[Spambayes] Deleting spam from the server using only the headers
tim.one at comcast.net
Tue Sep 23 22:23:26 EDT 2003
> The request to have tools to automatically delete Spam on the
> server has come up often. Implied is the idea to use the POP3 TOP
> command to download just the message headers, determine spam-iness
> by analyzing the headers only, and then delete the spam on the
> server before it ever reaches the email client.
> About as often as this seemingly reasonable request surfaces, the
> response is to point out that it is difficult to use a statistical
> (Bayesian) technique on just the message headers. For one thing,
> email headers don't consist of enough words from a wide enough
> distribution to provide a meaningful sample for calculating a
> reliable spam probability.
According to who? BTW, I don't know of any way to calculate a reliable spam
probability, and this project doesn't even try. We compute "a score", and
don't even claim that it's monotonic with spam probability. If someone does
claim to compute a reliable spam probability, and you set your spam cutoff
to, say, 0.99, that means about 1 of each 100 things it calls spam will
actually be false positives -- or that its claim to compute reliable
probabilities is wrong.
> So a technique like Spambayes doesn't seem to be possible for this
> 'headers only' approach to killing spam.
We tested this before. A headers-only classifier worked fine. So did a
body-only classifier. Of course looking at both does best. Heck, at one
time I even tested a classifier that looked at absolutely nothing except the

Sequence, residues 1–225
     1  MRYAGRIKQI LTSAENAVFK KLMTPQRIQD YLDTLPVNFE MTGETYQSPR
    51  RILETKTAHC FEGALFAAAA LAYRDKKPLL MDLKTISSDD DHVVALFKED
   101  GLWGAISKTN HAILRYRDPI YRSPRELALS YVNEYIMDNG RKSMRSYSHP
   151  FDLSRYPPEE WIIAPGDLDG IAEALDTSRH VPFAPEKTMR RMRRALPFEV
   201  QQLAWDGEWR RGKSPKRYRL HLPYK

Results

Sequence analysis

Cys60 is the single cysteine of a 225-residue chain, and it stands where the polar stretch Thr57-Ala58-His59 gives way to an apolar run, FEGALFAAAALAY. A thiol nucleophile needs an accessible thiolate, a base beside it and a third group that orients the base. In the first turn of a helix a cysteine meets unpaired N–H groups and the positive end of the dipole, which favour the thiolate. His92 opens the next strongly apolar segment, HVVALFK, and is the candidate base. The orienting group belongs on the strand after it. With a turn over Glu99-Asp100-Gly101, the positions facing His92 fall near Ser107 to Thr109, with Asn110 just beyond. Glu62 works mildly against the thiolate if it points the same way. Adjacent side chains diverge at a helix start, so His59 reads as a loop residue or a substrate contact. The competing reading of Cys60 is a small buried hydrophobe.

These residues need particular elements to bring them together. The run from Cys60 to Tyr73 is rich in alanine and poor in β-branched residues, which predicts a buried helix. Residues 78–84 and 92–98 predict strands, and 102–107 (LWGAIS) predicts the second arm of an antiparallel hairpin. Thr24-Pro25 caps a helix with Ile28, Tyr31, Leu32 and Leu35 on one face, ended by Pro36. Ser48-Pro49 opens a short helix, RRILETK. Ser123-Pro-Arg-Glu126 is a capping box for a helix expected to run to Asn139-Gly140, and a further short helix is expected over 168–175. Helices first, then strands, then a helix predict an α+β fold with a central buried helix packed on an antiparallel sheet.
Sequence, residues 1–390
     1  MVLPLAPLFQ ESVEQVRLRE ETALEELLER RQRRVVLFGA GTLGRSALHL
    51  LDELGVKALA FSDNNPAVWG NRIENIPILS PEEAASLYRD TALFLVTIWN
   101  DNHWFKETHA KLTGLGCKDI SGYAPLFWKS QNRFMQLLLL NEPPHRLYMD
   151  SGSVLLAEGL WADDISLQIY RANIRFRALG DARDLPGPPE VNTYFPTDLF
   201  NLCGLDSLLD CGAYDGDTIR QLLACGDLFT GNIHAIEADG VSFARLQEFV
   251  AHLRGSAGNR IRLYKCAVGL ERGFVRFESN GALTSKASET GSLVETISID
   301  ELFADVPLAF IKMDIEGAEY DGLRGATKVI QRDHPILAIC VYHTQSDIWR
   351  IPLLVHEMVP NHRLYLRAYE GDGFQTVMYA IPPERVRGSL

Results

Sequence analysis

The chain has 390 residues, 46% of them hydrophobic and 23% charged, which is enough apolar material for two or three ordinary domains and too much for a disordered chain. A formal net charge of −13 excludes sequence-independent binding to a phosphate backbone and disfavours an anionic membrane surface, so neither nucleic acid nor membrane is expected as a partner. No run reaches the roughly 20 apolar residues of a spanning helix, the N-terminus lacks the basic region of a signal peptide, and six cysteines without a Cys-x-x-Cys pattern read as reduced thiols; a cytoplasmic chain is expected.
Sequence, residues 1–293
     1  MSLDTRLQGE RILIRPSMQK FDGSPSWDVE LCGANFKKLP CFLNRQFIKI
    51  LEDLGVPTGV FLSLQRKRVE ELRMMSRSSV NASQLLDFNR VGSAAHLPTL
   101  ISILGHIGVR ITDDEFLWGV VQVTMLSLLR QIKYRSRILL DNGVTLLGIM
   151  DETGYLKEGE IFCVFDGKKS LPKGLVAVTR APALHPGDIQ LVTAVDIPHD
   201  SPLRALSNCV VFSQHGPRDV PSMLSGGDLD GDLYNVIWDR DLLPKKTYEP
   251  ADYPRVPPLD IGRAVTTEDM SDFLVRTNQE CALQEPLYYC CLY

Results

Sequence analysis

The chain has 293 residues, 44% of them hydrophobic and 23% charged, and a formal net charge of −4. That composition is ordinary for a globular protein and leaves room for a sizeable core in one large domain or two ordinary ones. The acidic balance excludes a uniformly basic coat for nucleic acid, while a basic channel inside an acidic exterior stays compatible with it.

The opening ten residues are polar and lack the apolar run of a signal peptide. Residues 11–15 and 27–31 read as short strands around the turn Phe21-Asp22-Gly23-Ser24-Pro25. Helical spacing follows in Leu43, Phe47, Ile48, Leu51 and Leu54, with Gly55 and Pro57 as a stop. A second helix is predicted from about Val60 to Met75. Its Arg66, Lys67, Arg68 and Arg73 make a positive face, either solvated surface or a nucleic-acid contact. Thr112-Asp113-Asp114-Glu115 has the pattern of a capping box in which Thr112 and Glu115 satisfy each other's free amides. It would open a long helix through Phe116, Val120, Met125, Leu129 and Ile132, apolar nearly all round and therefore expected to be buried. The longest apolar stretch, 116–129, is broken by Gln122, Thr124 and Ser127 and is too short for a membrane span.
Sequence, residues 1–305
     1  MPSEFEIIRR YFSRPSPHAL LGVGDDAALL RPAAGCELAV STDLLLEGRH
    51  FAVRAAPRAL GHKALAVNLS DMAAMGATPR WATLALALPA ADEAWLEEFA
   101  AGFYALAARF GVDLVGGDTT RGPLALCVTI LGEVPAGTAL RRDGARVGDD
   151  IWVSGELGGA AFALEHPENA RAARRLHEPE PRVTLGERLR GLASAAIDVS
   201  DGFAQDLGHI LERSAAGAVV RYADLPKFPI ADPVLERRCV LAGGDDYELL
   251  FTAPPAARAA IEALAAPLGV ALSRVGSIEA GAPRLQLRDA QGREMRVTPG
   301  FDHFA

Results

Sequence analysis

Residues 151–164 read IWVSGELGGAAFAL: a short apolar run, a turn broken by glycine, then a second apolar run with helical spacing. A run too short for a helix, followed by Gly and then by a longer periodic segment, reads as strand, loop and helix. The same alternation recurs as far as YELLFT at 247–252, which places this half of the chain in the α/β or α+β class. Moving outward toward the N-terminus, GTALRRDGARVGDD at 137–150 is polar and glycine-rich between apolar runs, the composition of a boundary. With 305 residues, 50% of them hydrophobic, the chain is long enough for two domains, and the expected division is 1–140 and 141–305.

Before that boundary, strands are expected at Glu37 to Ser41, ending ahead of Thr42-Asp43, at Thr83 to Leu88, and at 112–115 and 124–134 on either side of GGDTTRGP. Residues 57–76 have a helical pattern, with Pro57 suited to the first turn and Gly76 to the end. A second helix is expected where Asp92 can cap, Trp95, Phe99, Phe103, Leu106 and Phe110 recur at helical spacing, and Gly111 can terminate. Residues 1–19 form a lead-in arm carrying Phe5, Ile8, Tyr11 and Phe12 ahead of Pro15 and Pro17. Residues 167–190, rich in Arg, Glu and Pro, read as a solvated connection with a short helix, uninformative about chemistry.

Subject line. That did enormously better than luck, and probably better
than 99.99% of user-defined Outlook spam-catching rulesets, but was
significantly poorer than looking at the other header lines too.
> Well, I just noticed that over on python-list at python.org, in a
> message titled _Re: pop3 email header classifier?_, David Mertz has
> pointed out some research he did a year ago on applying statistical
> methods for detecting spam in email headers. The innovation he
> implemented was to break the headers up into trigrams (sequences of
> three characters) and statistically look for suspicious patterns
> among the trigrams in the headers. David's article on IBM
> provides more details and a link to his prototype Python code.
We saw significantly worse results with character n-grams (for n in 2 thru
5) than with other tokenization strategies. See comments in tokenizer.py
for discussions of specifics. Maybe surprisingly, spambayes uses different
tokenization strategies for different kinds of header lines, and that helped
> With all the interest in virus-generated spam these days, I thought
> David had an interesting concept. Does this look like something
> that could be adapted to Spambayes?
If you're a Python programmer and this interests you, it should be quite
easy to try it.
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